15. Lee, C.-C.; Takagi, H.; Okamoto, H.; Kato, M.; Usuki, A. Synthesis, Characterization, and Properties of Polyurethanes Containing 1,4:3,6-Dianhydro-D-Sorbitol. J. Polym. Sci. Part. A Polym. Chem. 2009, 47, 6025–6031. [Google Scholar] [CrossRef]
  16. Besse, V.; Auvergne, R.; Carlotti, S.; Boutevin, G.; Otazaghine, B.; Caillol, S.; Pascault, J.P.; Boutevin, B. Synthesis of Isosorbide Based Polyurethanes: An Isocyanate Free Method. React. Funct. Polym. 2013, 73, 588–594. [Google Scholar] [CrossRef]
  17. Rapi, Z.; Szolnoki, B.; Bakó, P.; Niedermann, P.; Toldy, A.; Bodzay, B.; Keglevich, G.; Marosi, G. Synthesis and Characterization of Biobased Epoxy Monomers Derived from D-Glucose. Eur. Polym. J. 2015, 67, 375–382. [Google Scholar] [CrossRef]
  18. Chrysanthos, M.; Galy, J.; Pascault, J.P. Preparation and Properties of Bio-Based Epoxy Networks Derived from Isosorbide Diglycidyl Ether. Polymer 2011, 52, 3611–3620. [Google Scholar] [CrossRef]
  19. Łukaszczyk, J.; Janicki, B.; Kaczmarek, M. Synthesis and Properties of Isosorbide Based Epoxy Resin. Eur. Polym. J. 2011, 47, 1601–1606. [Google Scholar] [CrossRef]
  20. Hong, J.; Radojčić, D.; Ionescu, M.; Petrović, Z.S.; Eastwood, E. Advanced Materials from Corn: Isosorbide-Based Epoxy Resins. Polym. Chem. 2014, 5, 5360–5368. [Google Scholar] [CrossRef]
  21. Kalva, A.; Sivasankar, T.; Moholkar, V.S. Physical Mechanism of Ultrasound-Assisted Synthesis of Biodiesel. Ind. Eng. Chem. Res. 2009, 48, 534–544. [Google Scholar] [CrossRef]
  22. Lévêque, J.-M.; Cravotto, G.; Delattre, F.; Cintas, P. Organic Sonochemistry: Challenges and Perspectives for the 21st Century; SpringerBriefs in Molecular Science; Springer International Publishing: Cham, Switzerland, 2018. [Google Scholar]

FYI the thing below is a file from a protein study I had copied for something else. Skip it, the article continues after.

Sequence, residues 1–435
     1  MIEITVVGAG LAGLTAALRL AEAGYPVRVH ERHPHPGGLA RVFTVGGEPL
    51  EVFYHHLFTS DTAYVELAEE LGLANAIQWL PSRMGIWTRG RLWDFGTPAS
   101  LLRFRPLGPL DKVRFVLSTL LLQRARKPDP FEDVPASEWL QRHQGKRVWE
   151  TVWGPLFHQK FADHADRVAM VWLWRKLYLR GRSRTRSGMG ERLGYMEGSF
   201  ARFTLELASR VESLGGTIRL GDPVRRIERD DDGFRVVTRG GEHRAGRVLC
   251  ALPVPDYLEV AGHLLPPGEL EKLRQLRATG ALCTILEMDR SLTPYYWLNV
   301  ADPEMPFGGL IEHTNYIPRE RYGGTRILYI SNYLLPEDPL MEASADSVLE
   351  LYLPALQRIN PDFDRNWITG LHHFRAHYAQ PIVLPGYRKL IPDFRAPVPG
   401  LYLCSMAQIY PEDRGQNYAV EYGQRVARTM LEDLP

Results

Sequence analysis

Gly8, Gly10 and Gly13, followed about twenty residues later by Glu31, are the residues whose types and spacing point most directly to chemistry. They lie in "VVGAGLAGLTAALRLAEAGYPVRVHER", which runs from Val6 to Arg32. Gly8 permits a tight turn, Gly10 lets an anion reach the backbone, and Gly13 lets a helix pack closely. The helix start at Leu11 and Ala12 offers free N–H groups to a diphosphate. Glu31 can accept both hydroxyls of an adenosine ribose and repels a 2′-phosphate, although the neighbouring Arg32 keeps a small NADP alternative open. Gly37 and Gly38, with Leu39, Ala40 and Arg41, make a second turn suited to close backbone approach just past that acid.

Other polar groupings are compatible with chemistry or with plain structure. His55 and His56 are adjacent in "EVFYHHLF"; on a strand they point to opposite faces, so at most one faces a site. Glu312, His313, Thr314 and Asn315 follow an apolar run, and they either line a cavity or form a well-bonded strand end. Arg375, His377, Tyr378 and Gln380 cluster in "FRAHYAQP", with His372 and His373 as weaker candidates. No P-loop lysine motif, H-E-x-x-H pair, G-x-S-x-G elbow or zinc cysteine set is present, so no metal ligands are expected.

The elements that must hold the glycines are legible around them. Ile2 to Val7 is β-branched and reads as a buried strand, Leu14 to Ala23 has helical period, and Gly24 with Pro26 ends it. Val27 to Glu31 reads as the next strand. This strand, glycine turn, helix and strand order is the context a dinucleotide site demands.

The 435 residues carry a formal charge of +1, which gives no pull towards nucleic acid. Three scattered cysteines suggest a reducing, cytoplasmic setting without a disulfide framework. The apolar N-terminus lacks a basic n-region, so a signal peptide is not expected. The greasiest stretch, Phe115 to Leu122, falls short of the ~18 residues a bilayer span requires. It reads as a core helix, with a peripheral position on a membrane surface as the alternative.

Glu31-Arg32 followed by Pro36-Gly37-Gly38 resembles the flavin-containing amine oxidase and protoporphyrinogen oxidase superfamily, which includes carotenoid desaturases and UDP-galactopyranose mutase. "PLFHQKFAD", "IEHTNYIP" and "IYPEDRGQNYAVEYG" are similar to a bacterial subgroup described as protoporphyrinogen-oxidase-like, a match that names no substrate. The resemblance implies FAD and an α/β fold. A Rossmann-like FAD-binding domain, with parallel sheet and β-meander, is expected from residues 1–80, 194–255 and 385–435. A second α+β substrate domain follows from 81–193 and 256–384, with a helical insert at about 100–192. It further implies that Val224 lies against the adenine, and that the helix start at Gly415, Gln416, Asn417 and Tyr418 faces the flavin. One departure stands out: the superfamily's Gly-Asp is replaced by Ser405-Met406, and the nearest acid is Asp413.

23. ASTM D1652-11e1. Standard Test Method for Epoxy Content of Epoxy Resins; ASTM International: West Conshohocken, PA, USA, 2011; Available online: www.astm.org (accessed on 10 April 2019).
  24. Contamine, R.F.; Wilhelm, A.M.; Berlan, J.; Delmas, H. Power Measurement in Sonochemistry. Ultrason. Sonochem. 1995, 2, S43–S47. [Google Scholar] [CrossRef]
Sample Availability: Samples are not available.
Scheme 1. Synthesis of isosorbide glycidyl ethers according to the literature.
Scheme 1. Synthesis of isosorbide glycidyl ethers according to the literature.
Molecules 24 01643 sch001
Figure 1. Monitoring conditions (ultrasonics power and temperature) of oligo-isosorbide glycidyl ether ultrasonic synthesis (Table 1, entry 5).
Figure 1. Monitoring conditions (ultrasonics power and temperature) of oligo-isosorbide glycidyl ether ultrasonic synthesis (Table 1, entry 5).
Molecules 24 01643 g001
Figure 2. FT-IR spectra of oligo-isosorbide glycidyl ethers.
Figure 2. FT-IR spectra of oligo-isosorbide glycidyl ethers.
Molecules 24 01643 g002
Scheme 2. Structures of the oligo-isosorbide glycidyl ethers [Rx]n-Rx.
Scheme 2. Structures of the oligo-isosorbide glycidyl ethers [Rx]n-Rx.
Molecules 24 01643 sch002
Figure 3. HRMS Q-TOF spectra (left) and 1H-NMR (400 MHz, CDCl3, 20 °C) spectra (right) of oligo-isosorbide glycidyl ethers for Profiles 1-3 obtained under ultrasonic activation.
Figure 3. HRMS Q-TOF spectra (left) and 1H-NMR (400 MHz, CDCl3, 20 °C) spectra (right) of oligo-isosorbide glycidyl ethers for Profiles 1-3 obtained under ultrasonic activation.
Molecules 24 01643 g003
Table 1. Experimental conditions for the synthesis of oligo-isosorbide glycidyl ethers.
Table 1. Experimental conditions for the synthesis of oligo-isosorbide glycidyl ethers.
EntryNaOHMethodTime (min)Mass (g)EEW (g·eq−1)Profile
1 aAq/2 eqsilent1806.4 ± 0.4284 ± 131
2Aq/2 eqUS155.2 ± 0.2269 ± 121
3Sol/2 eqUS159.1 ± 0.4223 ± 102
4Sol/2 eqsilent157.0 ± 0.5230 ± 122
5Sol/4 eqUS1510.3 ± 0.6175 ± 43
a adapted from reference [18]; Aq: aqueous solution; Sol: solid micropearl sodium hydroxide; US: ultrasound; EEW: epoxy equivalent weight.

Share and Cite

MDPI and ACS Style

Musa, C.; Danjou, P.-E.; Pauwels, A.; Cazier-Dennin, F.; Delattre, F. Ultrasound-Assisted Heterogeneous Synthesis of Bio-Based Oligo-Isosorbide Glycidyl Ethers: Towards Greener Epoxy Precursors. Molecules 2019, 24, 1643. https://doi.org/10.3390/molecules24091643

AMA Style

Musa C, Danjou P-E, Pauwels A, Cazier-Dennin F, Delattre F. Ultrasound-Assisted Heterogeneous Synthesis of Bio-Based Oligo-Isosorbide Glycidyl Ethers: Towards Greener Epoxy Precursors. Molecules. 2019; 24(9):1643. https://doi.org/10.3390/molecules24091643

Chicago/Turabian Style

Musa, Corentin, Pierre-Edouard Danjou, Antoine Pauwels, Francine Cazier-Dennin, and François Delattre. 2019. "Ultrasound-Assisted Heterogeneous Synthesis of Bio-Based Oligo-Isosorbide Glycidyl Ethers: Towards Greener Epoxy Precursors" Molecules 24, no. 9: 1643. https://doi.org/10.3390/molecules24091643

Article Metrics

Back to TopTop